Much like the counters, homeowners tend to shy away from installing their own kitchen cabinets. Fortunately, installing kitchen cabinets is just as easy as hanging a TV or large painting. As long as you have a plan and know where the studs are, you can install your kitchen cabinets without a professional.

  1. Measure and find studs in the wall (mark them)
  2. Hang a support board (so you don’t have to hold the cabinet as you install)
  3. Remove cabinet doors
  4. Attach adjacent cabinets together
  5. Attach kitchen cabinets to the wall with the drill
  6. Install base kitchen cabinets using the same steps

4. Paint Kitchen Appliances

One of the cheapest and quickest ways to transform your kitchen is by giving it a fresh coat of paint. While the average price to paint an interior room is $1,655, you can drastically reduce the overall cost by completing the job yourself.

If you choose to go bold, we highly recommend consulting a professional first. Interior design pros know what colors work in what rooms. If you’re looking for a smaller job, painting kitchen appliances could have the same design effect and yet, take half the time. Most major appliance manufacturers offer paint, panel kits, and other fix-ups on their websites. With these kits, you could redo your refrigerator, oven, or dishwasher.

Whether you want a fresh look for your home or are planning to sell it in the near future, a coat of paint inside the home will make the space look newer, brighter, and even a little more spacious.

7 Easy Kitchen DIY Projects-6

5. DIY Tile Backsplash

The backsplash has become the new necessity in kitchen remodels across the country. Backsplashes can give dull or small kitchens that “wow” factor we all seek. They come in a wide array of designs, matching your traditional, rustic, or modern kitchen. As long as you’re not afraid to get your hands dirty, you can install the backsplash yourself.

Follow the steps below to install your own tiled kitchen backsplash:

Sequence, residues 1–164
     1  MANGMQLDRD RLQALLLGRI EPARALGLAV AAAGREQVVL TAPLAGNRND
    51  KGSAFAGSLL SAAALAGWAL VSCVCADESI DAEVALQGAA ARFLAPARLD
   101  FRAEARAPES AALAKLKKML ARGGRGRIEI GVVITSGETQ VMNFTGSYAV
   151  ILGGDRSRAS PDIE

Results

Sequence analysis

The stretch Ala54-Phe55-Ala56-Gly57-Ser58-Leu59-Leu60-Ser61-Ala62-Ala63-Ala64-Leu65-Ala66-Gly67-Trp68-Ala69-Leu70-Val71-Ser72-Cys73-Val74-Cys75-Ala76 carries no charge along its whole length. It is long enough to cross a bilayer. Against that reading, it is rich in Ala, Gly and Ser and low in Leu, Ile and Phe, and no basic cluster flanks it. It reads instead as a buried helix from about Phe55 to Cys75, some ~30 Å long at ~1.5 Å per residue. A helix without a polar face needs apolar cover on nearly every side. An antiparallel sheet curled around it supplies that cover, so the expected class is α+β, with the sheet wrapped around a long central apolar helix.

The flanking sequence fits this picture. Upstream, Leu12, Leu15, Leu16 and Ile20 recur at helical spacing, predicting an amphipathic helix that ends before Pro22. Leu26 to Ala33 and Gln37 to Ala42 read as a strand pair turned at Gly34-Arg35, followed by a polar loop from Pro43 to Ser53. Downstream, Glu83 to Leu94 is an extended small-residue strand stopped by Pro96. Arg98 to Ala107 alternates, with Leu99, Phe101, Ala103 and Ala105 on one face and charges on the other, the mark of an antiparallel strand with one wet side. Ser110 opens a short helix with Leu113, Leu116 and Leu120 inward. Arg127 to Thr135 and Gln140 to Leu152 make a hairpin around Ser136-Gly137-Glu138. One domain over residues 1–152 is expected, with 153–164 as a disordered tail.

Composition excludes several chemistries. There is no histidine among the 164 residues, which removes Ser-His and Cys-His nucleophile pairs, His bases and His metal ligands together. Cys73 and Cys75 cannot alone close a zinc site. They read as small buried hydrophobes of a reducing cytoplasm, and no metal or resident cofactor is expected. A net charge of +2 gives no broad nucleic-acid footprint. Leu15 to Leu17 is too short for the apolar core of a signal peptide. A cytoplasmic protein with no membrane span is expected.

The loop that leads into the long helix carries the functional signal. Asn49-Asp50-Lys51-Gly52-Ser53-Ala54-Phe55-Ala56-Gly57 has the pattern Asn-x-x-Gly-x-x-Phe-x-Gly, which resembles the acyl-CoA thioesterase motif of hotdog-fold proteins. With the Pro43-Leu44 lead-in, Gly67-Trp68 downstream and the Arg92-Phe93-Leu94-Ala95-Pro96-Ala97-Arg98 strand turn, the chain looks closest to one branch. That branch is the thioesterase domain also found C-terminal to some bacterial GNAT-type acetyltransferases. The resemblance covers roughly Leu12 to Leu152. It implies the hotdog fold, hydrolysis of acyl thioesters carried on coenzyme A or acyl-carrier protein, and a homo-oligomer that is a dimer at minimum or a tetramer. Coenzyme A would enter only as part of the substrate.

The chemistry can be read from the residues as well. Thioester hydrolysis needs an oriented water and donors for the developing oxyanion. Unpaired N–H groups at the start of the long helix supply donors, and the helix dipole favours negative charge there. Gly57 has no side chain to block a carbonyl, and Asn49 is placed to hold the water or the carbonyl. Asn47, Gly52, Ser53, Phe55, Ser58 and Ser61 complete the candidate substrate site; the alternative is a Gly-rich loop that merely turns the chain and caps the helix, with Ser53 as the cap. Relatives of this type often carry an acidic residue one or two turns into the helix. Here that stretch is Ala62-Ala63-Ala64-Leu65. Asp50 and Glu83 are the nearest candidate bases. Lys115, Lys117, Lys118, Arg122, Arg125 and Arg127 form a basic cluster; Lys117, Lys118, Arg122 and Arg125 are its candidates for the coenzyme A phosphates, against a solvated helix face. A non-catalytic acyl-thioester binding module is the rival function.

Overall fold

1. Measure the distance between your top cabinet and your countertop
  2. Grab your tiled backsplash and cut it to match the distance you just measured
  3. Remove the outlet covers on the wall
  4. Clean the walls to remove all oils, grease, and marks
  5. Place your tile on the wall in the desired location
  6. Carefully add the bottom row of the backsplash, starting with the left-hand side
  7. Make sure it is straight and even before moving forward or applying pressure
  8. To add the grout, cut the edge of the grout bag and evenly distribute it with an evening tool or a floater
  9. Apply grout to the backsplash in a diagonal pattern
  10. Then, push the grout into the joints going the opposite direction
  11. Make sure there is grout in all joints
  12. Use a damp sponge and clean all the grout and joints

6. Clean Grout on Tile Floor

Speaking of tile and grout, a terrific way to update your kitchen with little to no cost at all is by cleaning the grout on your tile floor.The visible grout lines made from water, sand, and cement absorb grease and dirt faster than tiles. As a result, it may discolor quickly, resulting in an ugly design for your kitchen floor.

The savvier DIYer would create his or her own grout cleaner from any combination of baking soda, vinegar, hydrogen peroxide or (oxygen) bleach. As an extra precaution, only use bleach if you have light-colored grout. However, the safer bet would be to buy a special pH-balanced product from a flooring company to protect against discoloration.

Depending on the chosen cleaner, it’s always best to let it sit within the grout for a few minutes before scrubbing it in. If you’re using a combination of hydrogen peroxide and baking soda, let the peroxide settle before hitting the scrubber.

After pouring a healthy amount of cleaner and letting it sit, gently add your baking soda (if you’re using it). Then, use your toothbrush or specialty brush and rub away the dirt. Don’t be afraid to use some muscle. Most homeowners ignore their grout for months, if not years, so a good amount of grease and dirt could be hiding.

7. DIY Fixes for the Refrigerator

Food is the main reason we enter and leave the kitchen, but if your fridge is on the fritz, the kitchen loses all purpose. Luckily, homeowners can fix some of the most common refrigerator issues.

The most common problem fridges face is leakage. A range of issues could cause a refrigerator to leak, but the most common culprit is a loose gasket. A refrigerator gasket is the flexible elastic strip attached to the outer edge of a refrigerator or freezer.

Read more: http://www.improvenet.com/a/7-easy-kitchen-diy-projects#ixzz3JiQSpfGp